Ex-defense minister dominates Colombia presidential vote, faces Green Party outsider in runoffBy Frank Bajak, AP
Monday, May 31, 2010
Colombia runoff: ex-defense minister vs. Mockus
BOGOTA, Colombia — A former defense minister from an elite political clan fell just short of a first-round victory in Colombia’s presidential elections while trouncing his closest rival, an unorthodox Green Party candidate.
Juan Manuel Santos, who helped craft the wildly popular security policies of outgoing President Alvaro Uribe, won 47 percent of the vote Sunday to top a field of nine candidates.
Antanas Mockus, the son of Lithuanian immigrants who stressed clean government and promised a tax increase, got 21 percent. A former two-time mayor of the Colombian capital, he catapulted into contention in pre-election polls only to falter at the ballot box.
Santos, 58, is a U.S.-trained economist and the great-nephew of a president whose family long ran the country’s leading newspaper. His first cousin, Francisco Santos, was Uribe’s vice president. A nephew, Alejandro Santos, is editor of Semana, the country’s leading newsmagazine. After serving three administrations as a Cabinet minister, he is in his first race for elected office.
Santos came unexpectedly close to winning the simple majority that would have precluded the June 20 runoff.
Addressing jubilant supporters Sunday night, he called the results an endorsement of the outgoing administration.
“Mr. President Uribe, this is your triumph and that of those who want to preserve your immense legacy,” he said. “Most Colombians voted to defend your achievements and proposals.”
Santos, who rejected the Mockus-proposed tax increase as hurting economic growth, won in all but one of Colombia’s provinces and even took Bogota.
Finishing third with 10 percent was German Vargas of Cambio Radical, a member of Uribe’s governing coalition along with Santos’ National Unity party. Gustavo Petro of the leftist Polo Democratico Alternativo earned 9 percent.
Although generally peaceful, Sunday was marked by nearly two dozen clashes with leftist rebels that authorities said claimed the lives of four soldiers, a potent reminder that Colombia’s half century-old conflict is far from resolved. Just last week, nine marines were killed in a single engagement.
None of four major losing candidates made an immediate endorsement but it was noteworthy that the three candidates from parties in Uribe’s governing coalition together won 61 percent of the vote. Uribe was re-elected in 2006 with 62 percent.
The continuing violence — and Mockus’ lack of clarity on how he would deal with it as well as inexperience in international affairs — favored Santos.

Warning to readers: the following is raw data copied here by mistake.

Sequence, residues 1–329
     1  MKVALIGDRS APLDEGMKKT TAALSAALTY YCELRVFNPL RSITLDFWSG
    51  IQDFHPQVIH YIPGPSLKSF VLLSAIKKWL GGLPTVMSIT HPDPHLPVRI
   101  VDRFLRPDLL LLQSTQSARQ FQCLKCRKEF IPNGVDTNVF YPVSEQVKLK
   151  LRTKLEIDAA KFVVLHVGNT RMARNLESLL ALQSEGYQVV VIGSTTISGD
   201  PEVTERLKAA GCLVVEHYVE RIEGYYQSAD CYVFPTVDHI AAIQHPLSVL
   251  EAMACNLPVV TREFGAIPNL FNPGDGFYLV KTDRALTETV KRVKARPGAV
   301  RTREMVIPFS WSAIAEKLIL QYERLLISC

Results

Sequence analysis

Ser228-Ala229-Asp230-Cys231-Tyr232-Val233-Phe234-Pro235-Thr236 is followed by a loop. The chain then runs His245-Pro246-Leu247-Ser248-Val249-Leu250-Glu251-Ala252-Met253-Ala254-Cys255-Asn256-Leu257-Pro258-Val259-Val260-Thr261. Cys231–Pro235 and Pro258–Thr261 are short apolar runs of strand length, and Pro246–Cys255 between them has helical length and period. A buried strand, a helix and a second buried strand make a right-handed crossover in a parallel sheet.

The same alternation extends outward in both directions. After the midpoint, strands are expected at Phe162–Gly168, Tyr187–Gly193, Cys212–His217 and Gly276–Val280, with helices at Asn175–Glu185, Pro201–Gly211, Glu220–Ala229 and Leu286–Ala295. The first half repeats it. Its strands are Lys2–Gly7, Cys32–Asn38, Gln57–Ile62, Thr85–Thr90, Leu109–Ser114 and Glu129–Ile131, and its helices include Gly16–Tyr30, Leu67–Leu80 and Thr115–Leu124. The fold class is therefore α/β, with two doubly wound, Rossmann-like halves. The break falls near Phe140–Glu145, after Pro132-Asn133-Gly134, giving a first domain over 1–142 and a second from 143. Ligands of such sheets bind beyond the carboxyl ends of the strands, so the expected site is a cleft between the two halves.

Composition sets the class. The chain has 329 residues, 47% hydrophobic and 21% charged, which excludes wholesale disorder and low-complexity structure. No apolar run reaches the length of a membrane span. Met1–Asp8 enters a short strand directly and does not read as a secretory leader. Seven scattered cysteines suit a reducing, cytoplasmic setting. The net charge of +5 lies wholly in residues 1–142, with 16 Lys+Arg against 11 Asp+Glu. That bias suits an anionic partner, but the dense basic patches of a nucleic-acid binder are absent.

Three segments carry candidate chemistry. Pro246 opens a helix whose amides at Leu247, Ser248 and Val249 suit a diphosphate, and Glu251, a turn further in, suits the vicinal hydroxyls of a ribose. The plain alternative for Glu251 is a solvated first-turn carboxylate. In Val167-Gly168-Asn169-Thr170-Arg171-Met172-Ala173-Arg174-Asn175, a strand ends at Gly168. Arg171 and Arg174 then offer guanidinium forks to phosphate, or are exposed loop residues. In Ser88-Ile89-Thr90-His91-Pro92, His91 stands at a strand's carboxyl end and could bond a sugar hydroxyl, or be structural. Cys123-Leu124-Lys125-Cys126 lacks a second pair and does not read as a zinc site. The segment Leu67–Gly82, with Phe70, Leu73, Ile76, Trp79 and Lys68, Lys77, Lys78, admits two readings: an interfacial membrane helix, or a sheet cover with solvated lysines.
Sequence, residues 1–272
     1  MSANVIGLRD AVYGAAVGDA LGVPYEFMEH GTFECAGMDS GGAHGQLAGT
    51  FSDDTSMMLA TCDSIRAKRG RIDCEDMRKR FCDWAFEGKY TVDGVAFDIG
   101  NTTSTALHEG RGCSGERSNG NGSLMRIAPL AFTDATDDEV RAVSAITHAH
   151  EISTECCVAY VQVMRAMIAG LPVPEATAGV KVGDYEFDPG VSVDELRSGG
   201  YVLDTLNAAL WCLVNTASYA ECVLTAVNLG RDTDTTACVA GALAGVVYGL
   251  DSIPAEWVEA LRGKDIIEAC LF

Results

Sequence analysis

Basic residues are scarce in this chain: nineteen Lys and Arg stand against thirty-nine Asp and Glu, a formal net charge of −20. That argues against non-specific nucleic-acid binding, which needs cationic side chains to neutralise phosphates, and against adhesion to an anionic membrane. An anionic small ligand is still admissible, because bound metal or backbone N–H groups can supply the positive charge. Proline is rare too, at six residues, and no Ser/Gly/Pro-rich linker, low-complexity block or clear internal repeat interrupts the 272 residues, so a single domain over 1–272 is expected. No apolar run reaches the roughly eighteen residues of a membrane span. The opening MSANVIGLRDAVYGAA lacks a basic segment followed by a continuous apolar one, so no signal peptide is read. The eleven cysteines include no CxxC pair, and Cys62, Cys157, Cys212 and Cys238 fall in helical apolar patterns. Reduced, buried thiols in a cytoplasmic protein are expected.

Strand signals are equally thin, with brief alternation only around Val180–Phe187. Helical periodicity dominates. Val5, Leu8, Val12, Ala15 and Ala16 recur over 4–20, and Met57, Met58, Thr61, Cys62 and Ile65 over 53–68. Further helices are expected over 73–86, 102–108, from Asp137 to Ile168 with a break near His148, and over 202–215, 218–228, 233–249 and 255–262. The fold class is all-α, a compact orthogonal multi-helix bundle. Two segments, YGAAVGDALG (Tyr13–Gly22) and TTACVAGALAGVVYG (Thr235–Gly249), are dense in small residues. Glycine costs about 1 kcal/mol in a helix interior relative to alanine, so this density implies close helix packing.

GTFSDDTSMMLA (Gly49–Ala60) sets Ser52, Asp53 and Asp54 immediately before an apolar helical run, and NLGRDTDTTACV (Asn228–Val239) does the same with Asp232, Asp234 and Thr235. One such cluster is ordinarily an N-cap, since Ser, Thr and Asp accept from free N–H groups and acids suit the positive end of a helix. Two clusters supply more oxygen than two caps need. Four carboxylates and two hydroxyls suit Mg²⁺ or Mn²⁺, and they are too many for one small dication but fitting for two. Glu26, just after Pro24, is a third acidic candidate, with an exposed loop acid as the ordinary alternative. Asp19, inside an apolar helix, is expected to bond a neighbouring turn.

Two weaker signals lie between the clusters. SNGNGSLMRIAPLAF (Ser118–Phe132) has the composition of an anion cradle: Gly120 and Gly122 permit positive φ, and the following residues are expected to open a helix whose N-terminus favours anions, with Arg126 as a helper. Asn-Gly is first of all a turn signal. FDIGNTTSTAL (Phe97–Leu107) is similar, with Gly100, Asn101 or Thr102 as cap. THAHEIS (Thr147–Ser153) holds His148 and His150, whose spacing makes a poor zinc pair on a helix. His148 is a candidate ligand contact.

“I suspect for some there was tension between the head and the heart. In a country still at war, the head won out,” said Michael Shifter, president of the Washington, D.C.-based Inter-American Dialogue think tank.
Mockus, running for president for the third time, distinguishes himself with a simple message: Only through education and respect for the law will Colombians find true security. His colorful, pedagogical style catapulted him from fringe status. He has the most Facebook and Twitter fans among candidates.
But Mockus committed several gaffes during the campaign that revealed him a relative novice in foreign policy and security matters.
All Sunday’s soldier deaths were blamed by the government on the leftist Revolutionary Armed Forces of Colombia, or FARC.
As Uribe’s defense minister from 2006-2009, Santos helped knock the wind out of the FARC, Latin America’s last remaining major rebel army.
Santos also clashed with leftist Presidents Hugo Chavez of Venezuela and Rafael Correa of Ecuador. Earlier this month, a judge in Ecuador ordered Santos’ arrest for authorizing a cross-border raid into Colombia’s southern neighbor in 2008 that killed the FARC’s No. 2 commander.
Mockus, 58, says he would not have made the incursion into Ecuador. But he says he also would be tough on the FARC.
And although not directly criticizing Uribe, Mockus is among Colombians expressing dismay at the scandals that have plagued the outgoing president, including domestic spying, extrajudicial killings by soldiers, and the awarding of agricultural subsidies to political cronies.
Many of his supporters associate Santos with Uribe’s perceived ethical failings.
“God has given us another chance and we’re going to try Mockus because hope is the last thing one can lose,” said Maria Gutierrez, a 57-year-old Bogota economist. “Mockus is an intelligent man and a pacifist and he won’t fight with Correa or Chavez.”
Santos, meanwhile, has sought to distance himself from the scandals plaguing Uribe’s legacy.
As defense minister, he fired 27 officers in late 2008 when it became clear prosecutors would be drawing up charges against soldiers accused of killing more than 1,000 civilians.
Critics say he bears some responsibility, but Santos contends it was he who put an end to the abuses.
Associated Press Writers Vivian Sequera, Cesar Garcia and Luisa Fernanda Cuellar contributed to this report.
Tags: Bogota, Colombia, Ecuador, Government Transitions, Latin America And Caribbean, Political Endorsements, Political Issues, Political Scandals, South America